9. becomes more fixated on things

What changes have you seen after an Alzheimer’s diagnosis?

10 Benefits of Hospice

hospice 2




Recently, I’ve learned of several families that placed a loved one in hospice.

This is never an easy decision. There’s no easy way to prepare for this.

However, I’ve worked with hospice on numerous occasion.

Some of the benefits of hospice are:

  1. Helps in decision makinghospice
  2. Offers support groups
  3. Offers spiritual support
  4. Certified and knowledgeable workers in the end of life stages
  5. Provides knowledgeable feedback
  6. Oversees the final preparations {such as contacting mortuary, having death certificate issued, etc.}
  7. Provides services to you at home, in a hospital, at a nursing facility or at their own facility
  8. Continues to care for your loved one through a decline—while usually this is for six months or less, at times their services extend beyond this time period. If the loved one improves they can be discharged and later readmitted when a decline reoccurs.
  9. Give the patient and their family a sense of dignity
  10. Respects the patient’s wishes
  11. Bonus: Lessens financial burden of being in the hospital

How has hospice been beneficial for you?

Acceptance of an Alzheimer’s Diagnosis

I’ve worked with many families that have a loved one with Alzheimer’s and dementia.

Often I see a struggle to accept the diagnosis.

Accepting a loved one has Alzheimer's is not always easy. Sometimes we have a mental block.
Accepting a loved one has Alzheimer’s is not always easy. Sometimes we have a mental block.

This happens in a variety of ways:

  • Mental block
  • Inability to accept changes
  • Lack of knowledge about the disease
  • Belief loved one will be healed
  • Denial


Often you hear the saying that when you have a loved one with dementia you “mourn the loss of them now, to mourn the loss of them all over again when they’re gone.”


That is so true.  The person we know and love is no more as dementia changes the person.


Acceptance of the disease is a private journey that everyone has to reach in their own way and time.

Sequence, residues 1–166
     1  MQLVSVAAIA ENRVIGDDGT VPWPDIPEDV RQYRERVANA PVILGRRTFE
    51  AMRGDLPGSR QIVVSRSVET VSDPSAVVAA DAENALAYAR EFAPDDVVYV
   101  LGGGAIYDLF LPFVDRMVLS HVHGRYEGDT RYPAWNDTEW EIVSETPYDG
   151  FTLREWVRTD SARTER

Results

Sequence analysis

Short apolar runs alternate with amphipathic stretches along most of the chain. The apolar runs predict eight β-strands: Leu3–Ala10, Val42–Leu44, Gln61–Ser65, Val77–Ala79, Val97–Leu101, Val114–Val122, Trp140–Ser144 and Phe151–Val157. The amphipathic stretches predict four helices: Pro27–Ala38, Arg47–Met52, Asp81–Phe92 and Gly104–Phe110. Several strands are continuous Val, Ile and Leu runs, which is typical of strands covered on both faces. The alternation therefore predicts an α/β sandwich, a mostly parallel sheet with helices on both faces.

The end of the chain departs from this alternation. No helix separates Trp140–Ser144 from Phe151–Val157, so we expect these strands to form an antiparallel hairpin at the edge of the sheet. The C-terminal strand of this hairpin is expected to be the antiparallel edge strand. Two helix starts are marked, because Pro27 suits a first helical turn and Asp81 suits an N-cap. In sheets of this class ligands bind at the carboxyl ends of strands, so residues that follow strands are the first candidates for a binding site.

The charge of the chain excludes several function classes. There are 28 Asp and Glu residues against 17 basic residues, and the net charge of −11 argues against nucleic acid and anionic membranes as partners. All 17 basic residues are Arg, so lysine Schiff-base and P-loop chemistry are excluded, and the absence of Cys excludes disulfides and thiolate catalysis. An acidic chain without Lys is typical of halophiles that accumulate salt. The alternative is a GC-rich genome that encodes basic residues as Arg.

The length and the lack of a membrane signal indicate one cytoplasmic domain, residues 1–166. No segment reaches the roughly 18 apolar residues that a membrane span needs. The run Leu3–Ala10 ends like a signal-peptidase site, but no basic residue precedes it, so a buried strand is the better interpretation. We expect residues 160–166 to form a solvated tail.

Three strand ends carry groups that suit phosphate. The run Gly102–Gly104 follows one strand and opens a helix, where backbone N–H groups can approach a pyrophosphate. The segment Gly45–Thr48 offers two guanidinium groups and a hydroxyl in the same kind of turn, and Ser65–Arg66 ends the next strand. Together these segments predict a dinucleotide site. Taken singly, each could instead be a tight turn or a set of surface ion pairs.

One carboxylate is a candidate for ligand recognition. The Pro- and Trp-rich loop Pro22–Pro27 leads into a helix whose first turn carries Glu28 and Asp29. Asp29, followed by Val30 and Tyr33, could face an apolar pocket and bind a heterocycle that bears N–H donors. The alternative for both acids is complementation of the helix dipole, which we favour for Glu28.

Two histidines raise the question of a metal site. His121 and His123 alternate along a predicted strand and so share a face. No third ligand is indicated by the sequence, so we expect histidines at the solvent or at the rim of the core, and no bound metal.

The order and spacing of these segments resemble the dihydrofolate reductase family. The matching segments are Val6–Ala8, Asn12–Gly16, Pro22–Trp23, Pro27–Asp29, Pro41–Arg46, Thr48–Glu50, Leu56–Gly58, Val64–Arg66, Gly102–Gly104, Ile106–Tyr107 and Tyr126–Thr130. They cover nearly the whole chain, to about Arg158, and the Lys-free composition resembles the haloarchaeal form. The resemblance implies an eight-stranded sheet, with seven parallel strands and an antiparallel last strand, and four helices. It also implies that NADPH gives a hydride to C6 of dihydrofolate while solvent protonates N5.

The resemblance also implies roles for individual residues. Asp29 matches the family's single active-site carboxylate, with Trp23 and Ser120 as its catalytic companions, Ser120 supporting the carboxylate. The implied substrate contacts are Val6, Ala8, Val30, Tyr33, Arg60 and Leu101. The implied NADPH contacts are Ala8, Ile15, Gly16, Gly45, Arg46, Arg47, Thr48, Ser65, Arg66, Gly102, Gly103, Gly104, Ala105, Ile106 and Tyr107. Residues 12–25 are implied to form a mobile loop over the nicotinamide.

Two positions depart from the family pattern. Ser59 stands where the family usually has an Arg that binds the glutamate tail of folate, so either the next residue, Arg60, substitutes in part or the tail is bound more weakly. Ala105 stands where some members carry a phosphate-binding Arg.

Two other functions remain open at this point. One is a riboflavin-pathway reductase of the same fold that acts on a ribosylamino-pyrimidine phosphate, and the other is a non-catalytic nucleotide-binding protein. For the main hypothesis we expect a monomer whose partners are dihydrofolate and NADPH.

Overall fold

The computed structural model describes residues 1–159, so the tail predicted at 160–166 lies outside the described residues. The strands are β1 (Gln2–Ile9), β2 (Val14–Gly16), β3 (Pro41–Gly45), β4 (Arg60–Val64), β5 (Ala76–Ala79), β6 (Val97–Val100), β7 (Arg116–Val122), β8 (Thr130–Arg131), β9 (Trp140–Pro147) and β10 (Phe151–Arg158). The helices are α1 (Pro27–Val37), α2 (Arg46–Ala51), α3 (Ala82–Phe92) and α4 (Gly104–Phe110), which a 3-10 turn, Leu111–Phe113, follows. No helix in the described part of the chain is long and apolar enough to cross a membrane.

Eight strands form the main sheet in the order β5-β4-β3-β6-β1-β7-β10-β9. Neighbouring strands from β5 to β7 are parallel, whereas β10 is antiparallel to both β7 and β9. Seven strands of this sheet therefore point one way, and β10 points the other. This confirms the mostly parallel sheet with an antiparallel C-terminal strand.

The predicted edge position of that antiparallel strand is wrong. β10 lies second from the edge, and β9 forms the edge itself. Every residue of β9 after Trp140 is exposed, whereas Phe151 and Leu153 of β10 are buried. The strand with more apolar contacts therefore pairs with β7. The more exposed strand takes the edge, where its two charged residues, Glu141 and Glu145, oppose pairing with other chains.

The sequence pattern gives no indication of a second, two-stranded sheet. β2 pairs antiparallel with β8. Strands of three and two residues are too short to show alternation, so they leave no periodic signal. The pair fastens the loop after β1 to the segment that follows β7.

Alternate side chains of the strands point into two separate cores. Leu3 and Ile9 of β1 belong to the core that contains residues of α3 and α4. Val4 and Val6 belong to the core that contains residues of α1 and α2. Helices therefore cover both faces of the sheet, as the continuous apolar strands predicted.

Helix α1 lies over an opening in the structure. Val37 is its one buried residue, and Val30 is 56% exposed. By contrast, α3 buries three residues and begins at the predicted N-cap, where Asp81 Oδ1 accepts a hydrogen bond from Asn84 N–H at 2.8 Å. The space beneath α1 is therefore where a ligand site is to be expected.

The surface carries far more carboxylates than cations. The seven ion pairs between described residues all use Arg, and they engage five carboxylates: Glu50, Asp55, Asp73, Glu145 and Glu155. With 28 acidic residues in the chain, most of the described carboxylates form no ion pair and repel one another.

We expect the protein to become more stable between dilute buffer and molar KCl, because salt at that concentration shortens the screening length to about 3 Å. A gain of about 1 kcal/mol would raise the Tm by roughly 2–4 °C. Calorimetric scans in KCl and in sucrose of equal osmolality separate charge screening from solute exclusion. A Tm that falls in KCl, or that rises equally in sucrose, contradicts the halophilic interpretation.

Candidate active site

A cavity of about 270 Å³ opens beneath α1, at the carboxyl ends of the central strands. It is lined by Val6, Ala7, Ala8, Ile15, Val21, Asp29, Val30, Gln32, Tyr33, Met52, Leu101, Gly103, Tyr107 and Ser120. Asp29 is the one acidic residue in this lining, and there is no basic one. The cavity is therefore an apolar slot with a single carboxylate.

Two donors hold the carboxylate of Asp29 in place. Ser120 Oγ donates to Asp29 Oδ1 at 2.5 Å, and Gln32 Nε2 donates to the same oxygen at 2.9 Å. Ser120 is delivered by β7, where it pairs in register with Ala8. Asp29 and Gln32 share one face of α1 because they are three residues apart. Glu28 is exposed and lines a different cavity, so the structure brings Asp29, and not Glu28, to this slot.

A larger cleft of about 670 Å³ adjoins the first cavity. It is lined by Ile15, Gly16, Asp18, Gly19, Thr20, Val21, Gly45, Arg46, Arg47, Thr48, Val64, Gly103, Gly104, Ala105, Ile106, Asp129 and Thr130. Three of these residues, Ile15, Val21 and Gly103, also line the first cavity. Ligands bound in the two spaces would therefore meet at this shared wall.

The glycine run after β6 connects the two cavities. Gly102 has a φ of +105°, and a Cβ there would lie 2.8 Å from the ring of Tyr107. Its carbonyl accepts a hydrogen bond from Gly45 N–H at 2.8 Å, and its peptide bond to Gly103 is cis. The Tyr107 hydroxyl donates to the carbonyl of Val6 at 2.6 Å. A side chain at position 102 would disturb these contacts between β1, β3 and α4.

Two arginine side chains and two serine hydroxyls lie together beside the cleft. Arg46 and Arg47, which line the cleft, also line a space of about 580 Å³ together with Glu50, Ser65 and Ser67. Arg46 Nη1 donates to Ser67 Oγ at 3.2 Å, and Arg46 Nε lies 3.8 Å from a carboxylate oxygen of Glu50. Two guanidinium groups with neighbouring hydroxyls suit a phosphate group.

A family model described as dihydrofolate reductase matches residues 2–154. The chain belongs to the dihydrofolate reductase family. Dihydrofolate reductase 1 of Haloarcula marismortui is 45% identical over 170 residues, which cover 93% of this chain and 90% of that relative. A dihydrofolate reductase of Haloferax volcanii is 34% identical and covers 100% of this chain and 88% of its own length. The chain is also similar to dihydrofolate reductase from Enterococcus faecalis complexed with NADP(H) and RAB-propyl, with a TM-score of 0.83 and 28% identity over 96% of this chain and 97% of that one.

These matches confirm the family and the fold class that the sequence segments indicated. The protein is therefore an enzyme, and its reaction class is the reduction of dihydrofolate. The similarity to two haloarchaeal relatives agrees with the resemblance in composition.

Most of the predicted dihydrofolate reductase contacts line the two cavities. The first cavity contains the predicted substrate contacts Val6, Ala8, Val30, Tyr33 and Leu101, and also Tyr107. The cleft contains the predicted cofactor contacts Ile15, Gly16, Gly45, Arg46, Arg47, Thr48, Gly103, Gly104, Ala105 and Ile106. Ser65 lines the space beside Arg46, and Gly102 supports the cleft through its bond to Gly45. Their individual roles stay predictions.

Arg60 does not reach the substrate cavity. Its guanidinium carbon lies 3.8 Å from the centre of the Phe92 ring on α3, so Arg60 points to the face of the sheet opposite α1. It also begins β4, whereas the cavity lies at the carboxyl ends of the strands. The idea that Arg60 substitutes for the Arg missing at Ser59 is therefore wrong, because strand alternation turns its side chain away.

• However, a few tips to help are:

    Cheirsh the time you have together
    Cheirsh the time you have together
  • Educated self on the disease
  • Celebrate the time you have with your loved one
  • Listen to the professionals and be open to what they are saying
  • Understand you can slow the disease but not stop it
  • Pray and ask God’s help and guidance on this journey


How have you dealt with the Alzheimer’s diagnosis of a loved one?

The Sad Cycle of Alzheimer’s



Alzheimer’s is a sad disease.  We slowly watch our loved one die.

I’ve heard the saying “mourning your loved one now, to mourn all over again.”

This is true, we are mourning the loss of who our loved one was with the loss of abilities and interest now.

However, when s/he passes we will mourn them all over again.

This is why it is importance to raise Alzheimer’s awareness and find a cure.

Understanding When An Action is Important

I often notice while working with the elderly, especially Alzheimer’s and dementia patients, that some stories are repeated over and over.  There have been times I’ve heard the stories so much that I feel that I can tell the story.

Those stories are important to the teller and we can learn lessons from the experience
Those stories are important to the teller and we can learn lessons from the experience

However, I also learn more about the person while listening to the story.  Sometimes through the retelling I can glean nuggets of insight about the person’s life.

However, I recently had a conversation with another worker that got me to thinking.  She said “when they repeat the story over and over it is really important to them.”

I realized that she had a valid point.  That incident was important to that person or made an impact on their life and/or thought process.

I realized this can also prove true when actions are repeated over and over again. After all actions speak louder than words.

What story or action is important to your loved one?

Importance of Caregiving Support groups

Caregiving can be a very lonely task.  After all you spend hours or days with the person being cared for.

During this time family, friends and co-workers may not understand all of the strain and frustration you feel.

These groups are important because they provide an outlet of discussion with other likeminded individuals.  These individuals are experiencing the same concerns and struggles and need to vent or talk through their problems. support